Foundation Management defines the scope of a foundation by all of the technologies that contribute to the reliable, secure and compliant operation of the business. This definition requires ITFM to embrace all technologies regardless of who made them, what they are, or where they physically (or virtually) reside. All organizations have hardware and software from different vendors in their I.T. Infrastructure and most organizations have a mix of technology platforms. Because of this, Foundation Management cannot be achieved without the ability to bring any type of technology under systems-based management.
The specific scope of a given Foundation is most often determined by the flows of information that are available and relevant to the achieving of a business goal. That business goal can be anything that is important to the business.
In addition, ITFM is an essential part of the strategic CIO’s game plan behind providing the kind of leadership that addresses CXO concerns and supports the executive business role of the CIO. Foundation Management is a key imperative to protecting the organization’s Brand, delivering customer satisfaction, increasing margin, and by decreasing litigation and regulatory penalty vulnerability.
In this regard, Foundation Management serves to protect the organization from the occurrence of negative events that can lead to financial loss or reportable negative incidents while creating the forensic evidence to prove such events or incidents never occurred in the first place; shutting down misplaced, frivolous or opportunistic threats.
Flows of Information
ITFM recognizes that IT devices – both hardware and software – can produce information about their operational status, health, and activity in a number of different ways that often require specific technical capabilities in order to interact with that information. To meet this challenge, Foundation Management defines the management scope as “all flows of information relevant to the business goal at hand.”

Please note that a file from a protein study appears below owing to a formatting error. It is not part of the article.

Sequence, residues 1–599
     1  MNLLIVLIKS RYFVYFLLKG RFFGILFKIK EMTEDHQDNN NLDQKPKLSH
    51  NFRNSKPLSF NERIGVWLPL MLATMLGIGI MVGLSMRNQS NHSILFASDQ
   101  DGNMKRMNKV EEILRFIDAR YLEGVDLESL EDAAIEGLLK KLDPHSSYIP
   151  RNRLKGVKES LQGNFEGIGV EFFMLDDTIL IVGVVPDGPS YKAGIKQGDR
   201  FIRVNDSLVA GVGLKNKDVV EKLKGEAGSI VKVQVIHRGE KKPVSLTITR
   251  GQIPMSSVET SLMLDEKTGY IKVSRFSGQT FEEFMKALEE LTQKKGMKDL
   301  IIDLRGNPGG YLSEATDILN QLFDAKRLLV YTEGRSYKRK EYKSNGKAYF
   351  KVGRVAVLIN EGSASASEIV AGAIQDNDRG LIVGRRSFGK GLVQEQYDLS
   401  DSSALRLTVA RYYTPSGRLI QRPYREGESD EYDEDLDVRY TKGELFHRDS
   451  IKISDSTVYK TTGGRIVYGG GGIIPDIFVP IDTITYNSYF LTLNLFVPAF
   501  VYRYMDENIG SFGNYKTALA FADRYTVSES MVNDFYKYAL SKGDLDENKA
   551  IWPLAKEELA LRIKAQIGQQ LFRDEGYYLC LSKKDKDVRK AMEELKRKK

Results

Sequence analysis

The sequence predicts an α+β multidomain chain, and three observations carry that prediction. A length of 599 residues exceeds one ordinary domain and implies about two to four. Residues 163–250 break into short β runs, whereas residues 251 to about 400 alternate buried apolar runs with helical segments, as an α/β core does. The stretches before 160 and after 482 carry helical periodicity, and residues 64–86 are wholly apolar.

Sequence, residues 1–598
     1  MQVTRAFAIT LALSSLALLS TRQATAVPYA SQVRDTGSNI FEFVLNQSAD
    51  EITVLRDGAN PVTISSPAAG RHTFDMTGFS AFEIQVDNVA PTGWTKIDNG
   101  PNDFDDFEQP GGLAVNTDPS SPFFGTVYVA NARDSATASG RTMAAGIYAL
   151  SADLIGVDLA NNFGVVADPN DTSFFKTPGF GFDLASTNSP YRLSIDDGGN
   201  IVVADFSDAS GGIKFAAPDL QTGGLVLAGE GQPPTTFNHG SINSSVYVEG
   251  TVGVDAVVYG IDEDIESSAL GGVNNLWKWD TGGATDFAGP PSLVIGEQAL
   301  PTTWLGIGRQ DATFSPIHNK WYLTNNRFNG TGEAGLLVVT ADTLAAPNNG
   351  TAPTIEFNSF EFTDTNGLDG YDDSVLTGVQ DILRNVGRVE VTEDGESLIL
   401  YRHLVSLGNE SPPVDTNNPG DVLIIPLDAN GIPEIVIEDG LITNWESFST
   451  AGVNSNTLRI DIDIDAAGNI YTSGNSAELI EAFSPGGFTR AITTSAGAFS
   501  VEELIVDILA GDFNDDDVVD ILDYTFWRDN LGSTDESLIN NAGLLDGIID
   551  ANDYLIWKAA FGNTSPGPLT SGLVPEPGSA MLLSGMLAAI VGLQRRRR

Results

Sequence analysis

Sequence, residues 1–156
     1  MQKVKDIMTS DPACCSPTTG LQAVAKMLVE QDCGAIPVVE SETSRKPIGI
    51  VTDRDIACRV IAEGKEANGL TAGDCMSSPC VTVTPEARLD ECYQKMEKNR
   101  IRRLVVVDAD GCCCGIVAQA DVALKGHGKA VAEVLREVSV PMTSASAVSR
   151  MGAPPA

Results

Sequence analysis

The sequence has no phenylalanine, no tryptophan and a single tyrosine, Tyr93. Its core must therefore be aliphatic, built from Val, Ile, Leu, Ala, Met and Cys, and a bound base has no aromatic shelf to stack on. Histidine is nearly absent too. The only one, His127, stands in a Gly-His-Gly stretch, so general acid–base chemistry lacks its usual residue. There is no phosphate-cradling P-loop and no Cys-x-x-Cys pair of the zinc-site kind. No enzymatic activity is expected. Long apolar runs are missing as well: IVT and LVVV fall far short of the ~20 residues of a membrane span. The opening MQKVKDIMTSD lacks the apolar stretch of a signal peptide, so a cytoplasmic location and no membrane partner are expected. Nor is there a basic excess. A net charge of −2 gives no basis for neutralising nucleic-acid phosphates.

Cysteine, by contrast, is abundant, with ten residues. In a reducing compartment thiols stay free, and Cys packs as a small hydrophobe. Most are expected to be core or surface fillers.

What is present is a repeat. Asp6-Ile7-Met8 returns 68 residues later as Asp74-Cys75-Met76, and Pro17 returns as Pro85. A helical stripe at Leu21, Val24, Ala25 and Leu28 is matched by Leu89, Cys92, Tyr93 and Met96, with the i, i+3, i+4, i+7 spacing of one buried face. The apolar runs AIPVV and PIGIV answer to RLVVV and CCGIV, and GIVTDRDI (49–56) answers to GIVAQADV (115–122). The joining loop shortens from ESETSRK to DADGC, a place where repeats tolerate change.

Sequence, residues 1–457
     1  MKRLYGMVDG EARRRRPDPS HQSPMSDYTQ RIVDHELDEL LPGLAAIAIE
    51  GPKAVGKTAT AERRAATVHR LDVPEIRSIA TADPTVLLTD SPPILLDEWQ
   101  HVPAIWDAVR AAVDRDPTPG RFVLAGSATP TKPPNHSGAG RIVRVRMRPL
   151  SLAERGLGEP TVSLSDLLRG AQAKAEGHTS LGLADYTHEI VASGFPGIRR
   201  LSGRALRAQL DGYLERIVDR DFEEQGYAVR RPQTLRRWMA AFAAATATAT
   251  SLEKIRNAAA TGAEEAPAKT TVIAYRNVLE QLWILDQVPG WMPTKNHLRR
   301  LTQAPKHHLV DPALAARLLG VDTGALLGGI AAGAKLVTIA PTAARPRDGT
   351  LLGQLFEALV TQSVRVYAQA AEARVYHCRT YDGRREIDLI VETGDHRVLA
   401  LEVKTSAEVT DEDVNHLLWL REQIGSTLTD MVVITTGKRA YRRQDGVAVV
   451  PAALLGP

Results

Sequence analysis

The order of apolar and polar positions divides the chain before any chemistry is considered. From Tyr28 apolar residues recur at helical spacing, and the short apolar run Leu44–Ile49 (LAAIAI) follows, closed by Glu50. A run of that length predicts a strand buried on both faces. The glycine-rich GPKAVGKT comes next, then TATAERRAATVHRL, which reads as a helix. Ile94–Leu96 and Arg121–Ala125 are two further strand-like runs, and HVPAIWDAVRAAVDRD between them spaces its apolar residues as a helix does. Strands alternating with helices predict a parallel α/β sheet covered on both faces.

The “flows of information” concept enables ITFM to embrace a much broader set of technology than infrastructure or systems approaches do traditionally do – increasing the organization’s ability to perform proactive response to conditions that can adversely affect business operations before the adverse affect actually occurs. This also opens the technology management practice to devices that are not normally considered part of the I.T. infrastructure though they are imminently relevant to business goals. micropile foundation
By extending the scope of ITFM to technology traditionally not considered part of the I.T. Infrastructure, any other device (hardware or software) that can “talk” can become part of the Foundation Management strategy.
For example, building security systems that may be an important part of an organization’s security and compliance practice can be incorporated into the Foundation. Fire alarms, power supplies, power delivery systems, lighting and HVAC may also be relevant and be incorporated into the Foundation to support systems reliability, threat detection, risk mitigation and cost management strategies.
The same may be the case for industry-specific devices such as medical equipment or distributed utility systems with “smart” controllers capable of generating flows of information. The discerning factor in Foundation Management is not so much what purpose a device services, but whether or not it can produce a flow of information, and if so, is that flow of information relevant to the business goal.
Considering that the scope of Foundation Management is driven by the flows of information that are available and relevant to a business goal, Foundation Management naturally extends across geographical boundaries. For Foundation Management to serve its purpose, both devices and people must be engaged in the Foundation wherever they may be – including multiple physical device locations, Cloud Computing centers, and people any where an internet connection exists.